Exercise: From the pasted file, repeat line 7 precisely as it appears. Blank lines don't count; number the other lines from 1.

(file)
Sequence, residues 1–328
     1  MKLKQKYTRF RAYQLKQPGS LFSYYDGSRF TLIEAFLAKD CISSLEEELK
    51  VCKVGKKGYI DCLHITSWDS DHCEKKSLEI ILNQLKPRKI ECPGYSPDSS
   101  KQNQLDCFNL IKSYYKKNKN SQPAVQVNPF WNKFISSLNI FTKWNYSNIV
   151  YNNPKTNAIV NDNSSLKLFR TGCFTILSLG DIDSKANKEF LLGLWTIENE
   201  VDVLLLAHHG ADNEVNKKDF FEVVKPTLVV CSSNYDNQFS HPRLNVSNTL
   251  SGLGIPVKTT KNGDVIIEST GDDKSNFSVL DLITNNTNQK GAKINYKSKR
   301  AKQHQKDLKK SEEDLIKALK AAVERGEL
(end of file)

   251  SGLGIPVKTT KNGDVIIEST GDDKSNFSVL DLITNNTNQK GAKINYKSKR